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Lives of Doctor Wives: I couldn’t have survived medical school and now residency without practicing these simple steps

Friday, July 4, 2014

I couldn’t have survived medical school and now residency without practicing these simple steps


Having three kids under age four and a husband in PGY2 is no small feat. Some days, life is awesome. My DrH actually gets to come home when he says he will, helps with the kids, cleans up after dinner and gives me a foot rub while we watch TV. We call these “Golden Days” and we savor them. But more often than not, life is a struggle.

I could write a book on why savoring the Golden Days will save your sanity and marriage, but I think that point is fairly universally understood. What isn’t universal is how to cope with the crappy days; because no two people’s crappy days are the same. Here is the advice I’ve learned so far (and wish I would have gotten earlier in this journey!).

Your DrH would rather be at home. Yes, he’s gone all the time. But he’d rather be at home with you than at work. That’s just the way of things. His constant absence from your life isn’t because he doesn’t like you; it’s because he likes you enough to provide for you. (I know that we all know this. But as women, we’re emotional beings and have to remind ourselves to be rational about things!)
Learn To Be Independent. I finally found happiness and sanity in this crazy life of residency when I realized that I needed to implement and adhere to a schedule, regardless of my DrH’s schedule. At first, I’d let the kids stay up until 10pm to see Daddy. But the next day we’d all be cranky and irritable. Yes, putting the kids to bed at 8pm means they may go several days without seeing their dad. But it also means that they’re respectful, kind, easy to get along with and much less prone to temper tantrums during the 12+ hours I’m with them. If my husband happened to come home early, we consider it a happy surprise and we’re all overjoyed. If not, at least I know that tomorrow won’t be Grouch City.

Recharge Your Batteries. Walk the aisles of target. Lock yourself in your bedroom and paint your toenails while chatting with a friend. Go out to dinner with your mom. Whatever gets you out of the house and away from the kids; away from the dishes in the sink and the Mount Everest sized pile of laundry for a few hours. When you return to face reality, you’ll feel recharged, refreshed and reenergized to tackle the tasks at hand.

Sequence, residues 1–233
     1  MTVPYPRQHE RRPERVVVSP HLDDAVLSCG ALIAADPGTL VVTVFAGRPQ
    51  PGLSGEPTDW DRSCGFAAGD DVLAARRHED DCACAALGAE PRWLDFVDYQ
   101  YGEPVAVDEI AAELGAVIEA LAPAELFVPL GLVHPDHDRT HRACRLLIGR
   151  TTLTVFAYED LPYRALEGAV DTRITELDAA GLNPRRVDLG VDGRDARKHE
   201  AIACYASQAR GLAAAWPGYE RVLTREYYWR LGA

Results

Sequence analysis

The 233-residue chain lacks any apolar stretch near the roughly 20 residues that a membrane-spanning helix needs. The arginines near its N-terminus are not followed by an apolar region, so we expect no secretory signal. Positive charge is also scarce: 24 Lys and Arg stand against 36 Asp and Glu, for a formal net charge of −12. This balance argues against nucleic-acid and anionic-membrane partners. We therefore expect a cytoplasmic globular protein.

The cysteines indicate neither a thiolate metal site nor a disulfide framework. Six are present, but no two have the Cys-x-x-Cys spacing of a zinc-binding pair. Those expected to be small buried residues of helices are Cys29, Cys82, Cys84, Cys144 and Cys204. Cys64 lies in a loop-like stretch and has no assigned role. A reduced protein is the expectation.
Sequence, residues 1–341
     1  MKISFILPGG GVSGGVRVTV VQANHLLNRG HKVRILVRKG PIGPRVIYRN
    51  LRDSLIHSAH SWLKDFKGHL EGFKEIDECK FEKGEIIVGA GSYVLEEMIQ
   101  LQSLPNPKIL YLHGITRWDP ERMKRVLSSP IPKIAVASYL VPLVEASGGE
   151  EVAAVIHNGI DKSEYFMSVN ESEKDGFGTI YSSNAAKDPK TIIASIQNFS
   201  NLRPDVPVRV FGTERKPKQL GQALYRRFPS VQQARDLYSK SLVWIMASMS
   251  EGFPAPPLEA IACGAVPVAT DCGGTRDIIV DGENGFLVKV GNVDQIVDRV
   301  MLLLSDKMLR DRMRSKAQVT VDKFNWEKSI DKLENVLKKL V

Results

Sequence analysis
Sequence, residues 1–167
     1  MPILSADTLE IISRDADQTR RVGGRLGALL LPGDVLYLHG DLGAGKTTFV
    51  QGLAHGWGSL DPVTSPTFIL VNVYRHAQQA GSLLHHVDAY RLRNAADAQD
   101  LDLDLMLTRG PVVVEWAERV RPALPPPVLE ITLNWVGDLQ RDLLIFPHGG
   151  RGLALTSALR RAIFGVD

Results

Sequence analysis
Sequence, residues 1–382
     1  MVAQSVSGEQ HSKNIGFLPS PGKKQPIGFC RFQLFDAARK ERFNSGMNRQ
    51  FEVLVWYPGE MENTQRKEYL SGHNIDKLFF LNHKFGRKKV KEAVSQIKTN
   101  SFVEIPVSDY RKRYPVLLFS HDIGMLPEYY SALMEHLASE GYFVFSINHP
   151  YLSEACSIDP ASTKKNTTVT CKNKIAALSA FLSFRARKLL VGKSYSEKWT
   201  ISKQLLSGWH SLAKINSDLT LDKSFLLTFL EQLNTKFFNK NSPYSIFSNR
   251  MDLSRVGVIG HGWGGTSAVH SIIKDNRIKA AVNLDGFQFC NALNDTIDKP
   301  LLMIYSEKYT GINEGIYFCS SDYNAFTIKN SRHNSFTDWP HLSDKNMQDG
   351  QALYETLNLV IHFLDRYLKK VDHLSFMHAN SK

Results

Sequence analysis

Take breaks. Let the dishes sit for a few hours. Skip that project you’d planned on getting done today. The way to enjoy your kids is by getting on the floor and playing with them. Even the best laid plans of educational play, sensory exploration or science lessons devolve into tickle fights and indoor soccer. But it’s the tickle fights that they’ll remember anyway, so let it slide. That being said:
Pick Your Battles. With your husband and kids, especially. If the problem will go away by a change of your attitude, then let it go. There are so many real problems, so many bigger fish to fry, that the little stuff has to be ignored. Recognize also that one person’s mountain is another’s molehill. What is unacceptable behavior to you may be par for the course for someone else. Only you can decide which hills you’re willing to die on.

Have Sex. Often. And with gusto. It’s a great stress reliever and brings you closer as a couple. It’s easy to forget to be intimate when you’re both so exhausted, but it’s important to schedule one on one “Mommy and Daddy Time”.

Act As A Team. I tell my three year old “We’re all on the same team. We’re Team Westbrook and we cheer for each other.”. On occasion, I’ve had to remind my DrH that I’m on his team. We’re stronger together than we are apart, and neither of us could function as we do now without the other. He’s gone all day working so that I can raise the kids and run the house. I run the house and raise the kids so he can be at work all day to both advance his career and provide for the family. We’re equal partners on the same team, working toward the same goal.

Be Kind. Really, is there anything more simple and yet more important? Stress is so quickly accompanied by short tempers, which can lead to compounding the problem. As I tell my children: it’s important to be kind, even when you don’t feel like it. Being snotty (while satisfying at times) serves no purpose. You’d be amazed what a difference being polite will make. I’m still working on this one!

There you go, ladies. I hope this advice hits home with some of you! These are the things that I’ve had to learn in my 5 years of marriage. I couldn’t have survived medical school and now residency without practicing these simple steps! Good luck! -Jackie Westbrook

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1 Comments:

Blogger Lindsey said...

Great advice, thanks :)

July 15, 2014 at 12:45 PM  

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